Forty, fifty years, and I still remember the sunset, the color of the sea.
I want to tell you a story.
Part of it is mine, and part is only mine to tell.
Don't ask why it happened this way.
Don't ask how I know.
You might as well ask why a baby smiles—how the right woman brings meaning with her, like a shawl.
It's magic, that's all.
Like the color of the sea.
Sea and sky, as far as the eye can see. Clouds tinged with sunset, salt in the air, the lap of a wave, the cry of a gull, silence.
A young male dolphin, smooth skin gleaming, comes out of the water—quick, clean, alive— hangs for a moment against the sunset, then plunges back into the waves.
Into the thick green reaches of the deep, a liquid space where you hear the rocks, the seaweed, the fish—hear them more clearly than you can see.
You push downward, your fins driving you into darkness, into pressure, right through a school of bass. Nothing else matters, nothing. You push as far as you dare, past coral, past rocks, and when you've reached your absolute limit, you turn in a nice broad circle to maintain your speed and drive upward again.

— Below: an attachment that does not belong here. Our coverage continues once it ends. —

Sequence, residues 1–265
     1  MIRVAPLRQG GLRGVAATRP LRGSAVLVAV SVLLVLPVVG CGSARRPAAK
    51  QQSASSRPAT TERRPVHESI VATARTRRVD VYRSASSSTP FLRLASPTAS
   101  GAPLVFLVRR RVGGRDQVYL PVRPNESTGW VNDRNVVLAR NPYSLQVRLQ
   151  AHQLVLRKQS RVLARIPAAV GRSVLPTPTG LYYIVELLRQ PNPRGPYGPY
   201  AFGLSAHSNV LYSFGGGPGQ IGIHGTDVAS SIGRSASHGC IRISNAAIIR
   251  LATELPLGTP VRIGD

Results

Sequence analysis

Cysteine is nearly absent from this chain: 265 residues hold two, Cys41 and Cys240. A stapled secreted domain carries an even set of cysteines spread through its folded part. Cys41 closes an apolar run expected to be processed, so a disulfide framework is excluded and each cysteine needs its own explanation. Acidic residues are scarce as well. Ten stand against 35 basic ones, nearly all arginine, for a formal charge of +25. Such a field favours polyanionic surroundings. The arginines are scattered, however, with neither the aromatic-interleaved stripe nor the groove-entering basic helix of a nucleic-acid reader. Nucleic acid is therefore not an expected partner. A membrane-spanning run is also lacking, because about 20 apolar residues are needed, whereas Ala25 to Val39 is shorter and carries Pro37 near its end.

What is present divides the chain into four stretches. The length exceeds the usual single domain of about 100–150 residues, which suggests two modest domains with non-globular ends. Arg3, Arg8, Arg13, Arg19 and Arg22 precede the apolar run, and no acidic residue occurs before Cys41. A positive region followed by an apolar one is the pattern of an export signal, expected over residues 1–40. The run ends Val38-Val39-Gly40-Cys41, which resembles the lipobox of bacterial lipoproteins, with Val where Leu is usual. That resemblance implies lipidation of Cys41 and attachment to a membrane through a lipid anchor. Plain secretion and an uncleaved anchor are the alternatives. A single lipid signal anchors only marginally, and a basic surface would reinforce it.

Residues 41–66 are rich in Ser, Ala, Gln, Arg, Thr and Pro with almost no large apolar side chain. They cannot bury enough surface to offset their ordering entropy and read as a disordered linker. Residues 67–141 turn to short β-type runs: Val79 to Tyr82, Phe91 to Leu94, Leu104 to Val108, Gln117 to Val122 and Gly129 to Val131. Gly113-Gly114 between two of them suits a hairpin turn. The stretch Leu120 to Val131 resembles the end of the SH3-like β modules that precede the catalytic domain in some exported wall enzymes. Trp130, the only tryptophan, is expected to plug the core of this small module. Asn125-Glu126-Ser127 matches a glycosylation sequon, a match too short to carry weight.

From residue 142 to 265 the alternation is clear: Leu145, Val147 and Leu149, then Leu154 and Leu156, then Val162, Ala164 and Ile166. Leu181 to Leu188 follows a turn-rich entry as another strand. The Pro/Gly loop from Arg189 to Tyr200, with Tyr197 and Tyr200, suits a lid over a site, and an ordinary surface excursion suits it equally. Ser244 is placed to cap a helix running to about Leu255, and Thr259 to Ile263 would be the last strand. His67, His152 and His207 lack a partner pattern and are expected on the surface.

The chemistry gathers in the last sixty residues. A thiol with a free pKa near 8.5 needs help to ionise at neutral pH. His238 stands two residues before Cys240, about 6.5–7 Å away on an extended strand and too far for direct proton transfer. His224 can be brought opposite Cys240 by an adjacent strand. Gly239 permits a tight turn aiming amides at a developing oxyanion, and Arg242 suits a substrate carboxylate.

This time the pressure of the sea is behind you, the urgency in your lungs drives you, every muscle, every sinew, strains for the surface and beyond. You fasten on the light with your mind, reel it in, drive yourself upward with fins, with torso, and it rushes closer, closer, and still you push until you think you will burst, and then… You break through, into the light, into the sky.
You soar higher, cleaner, freer than ever, and you know.
It is going to happen.